Over the years Pat Buchanan has changed his positions and attitudes
to the point that he has become a thoroughgoing economic protectionist
— a position I view as intellectually untenable and pragmatically
unwise for any country that isn’t already an economic and cultural
backwater with no aspirations to be anything else. But as much as I
might disagree with Pat on these rather important issues, it is
difficult not to admire him as a gifted writer and polemicist who spices
up the political process.

It is even more difficult not to sympathize with his impatience with
Republicans, especially those who infest Congress. This gang that can’t
shoot straight has almost entirely abdicated any claim it might once
have had to being the party of limited government or any other
principle. And they’re inept to boot.

Remember earlier this year, when all the spokespeople were assuring
us that with consensus-builder Dennis Hastert as speaker at least the
budget trains would run on time? The Republicans had supposedly learned
the lesson that when you delay the budget process until the last minute
the White House gains an inordinate negotiating advantage. The
Clintonistas can demand budget concessions (almost always increases),
threaten to close down the government if you don’t concede, then bask in
the assurance that you — congressional Republicans — will take the
blame. So you fold. Wasn’t going to happen this year, we were told.

Well, it has happened. The budget is due Oct. 1 and it isn’t close to
being finished yet. I don’t know to what extent it’s Dennis Hastert’s
fault, but the Republican Congress is in the same position it has been
in for the past several years — late with the budget and about to be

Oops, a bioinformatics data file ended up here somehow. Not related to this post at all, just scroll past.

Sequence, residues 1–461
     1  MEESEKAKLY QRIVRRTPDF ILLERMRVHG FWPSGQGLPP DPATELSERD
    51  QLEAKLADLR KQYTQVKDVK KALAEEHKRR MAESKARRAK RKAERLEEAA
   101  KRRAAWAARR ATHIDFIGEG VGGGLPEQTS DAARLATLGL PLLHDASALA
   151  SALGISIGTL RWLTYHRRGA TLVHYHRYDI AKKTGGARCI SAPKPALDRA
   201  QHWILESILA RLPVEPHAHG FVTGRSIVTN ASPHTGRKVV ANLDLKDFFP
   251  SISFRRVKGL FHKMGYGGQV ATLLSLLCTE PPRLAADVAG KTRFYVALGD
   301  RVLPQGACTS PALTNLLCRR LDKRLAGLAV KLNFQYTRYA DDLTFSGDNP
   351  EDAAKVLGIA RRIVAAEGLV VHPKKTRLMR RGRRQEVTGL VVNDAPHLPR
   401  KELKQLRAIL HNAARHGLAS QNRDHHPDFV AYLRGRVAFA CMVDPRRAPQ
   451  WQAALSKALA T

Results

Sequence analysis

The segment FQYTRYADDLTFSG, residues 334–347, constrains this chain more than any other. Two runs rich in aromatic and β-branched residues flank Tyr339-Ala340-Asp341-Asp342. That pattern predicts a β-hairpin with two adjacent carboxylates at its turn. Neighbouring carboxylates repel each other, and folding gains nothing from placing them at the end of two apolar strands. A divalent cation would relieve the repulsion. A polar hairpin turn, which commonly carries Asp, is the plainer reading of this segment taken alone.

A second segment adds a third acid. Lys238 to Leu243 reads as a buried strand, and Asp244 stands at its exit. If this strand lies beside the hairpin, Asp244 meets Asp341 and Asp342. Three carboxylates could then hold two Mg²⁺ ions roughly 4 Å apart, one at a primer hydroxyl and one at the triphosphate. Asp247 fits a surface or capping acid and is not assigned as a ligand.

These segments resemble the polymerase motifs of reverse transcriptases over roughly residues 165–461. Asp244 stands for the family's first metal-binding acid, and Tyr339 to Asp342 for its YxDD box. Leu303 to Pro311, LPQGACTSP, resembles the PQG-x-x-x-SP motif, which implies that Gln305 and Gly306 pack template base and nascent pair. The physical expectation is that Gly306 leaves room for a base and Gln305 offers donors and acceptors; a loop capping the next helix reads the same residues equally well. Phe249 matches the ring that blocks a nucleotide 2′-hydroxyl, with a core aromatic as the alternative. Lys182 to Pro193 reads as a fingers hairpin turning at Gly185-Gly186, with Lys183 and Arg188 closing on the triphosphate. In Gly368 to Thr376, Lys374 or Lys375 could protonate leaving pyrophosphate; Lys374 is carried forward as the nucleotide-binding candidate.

savaged by Clinton. So they’ve decided to make all their concessions in
advance. They started last July by fudging the budget caps they had
passed in 1997.

That didn’t boost spending enough to make them certain Clinton
wouldn’t blackmail them again. So, as the Wall Street Journal reported
last week, they decided to increase spending on a wide range of programs
in advance — before passing bills and sending them to the president —
and perform various dishonest accounting tricks to do it.

Perhaps you should give them a certain amount of credit. At least
they’ve figured out that Clinton will always snooker them. That’s said
to be the reason they decided to pass their pitiably modest tax-cut bill
and just let Clinton veto it, rather than doing it earlier and
negotiating with the administration afterward on an insulting
“targeted” tax cut.

Finally figuring out that you can’t beat the Slickster when most of
the media will predictably savage you is hardly a gargantuan

What speaks even more poorly of congressional Republicans is to take
a look — as Steve Moore at the Cato Institute did recently — at the
brave promises GOP leaders made when they achieved a congressional
majority in 1994. Remember? They were going to take a serious shot at
abolishing entire departments, beginning with Commerce, Education and